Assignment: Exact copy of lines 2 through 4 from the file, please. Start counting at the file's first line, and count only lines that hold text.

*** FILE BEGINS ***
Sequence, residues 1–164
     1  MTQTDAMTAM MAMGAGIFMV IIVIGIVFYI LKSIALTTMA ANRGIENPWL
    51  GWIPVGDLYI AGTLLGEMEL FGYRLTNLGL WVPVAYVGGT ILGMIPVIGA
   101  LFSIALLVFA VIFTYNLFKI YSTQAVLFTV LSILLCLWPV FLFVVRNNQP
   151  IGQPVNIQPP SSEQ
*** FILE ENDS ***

     1  MTQTDAMTAM MAMGAGIFMV IIVIGIVFYI LKSIALTTMA ANRGIENPWL
    51  GWIPVGDLYI AGTLLGEMEL FGYRLTNLGL WVPVAYVGGT ILGMIPVIGA
   101  LFSIALLVFA VIFTYNLFKI YSTQAVLFTV LSILLCLWPV FLFVVRNNQP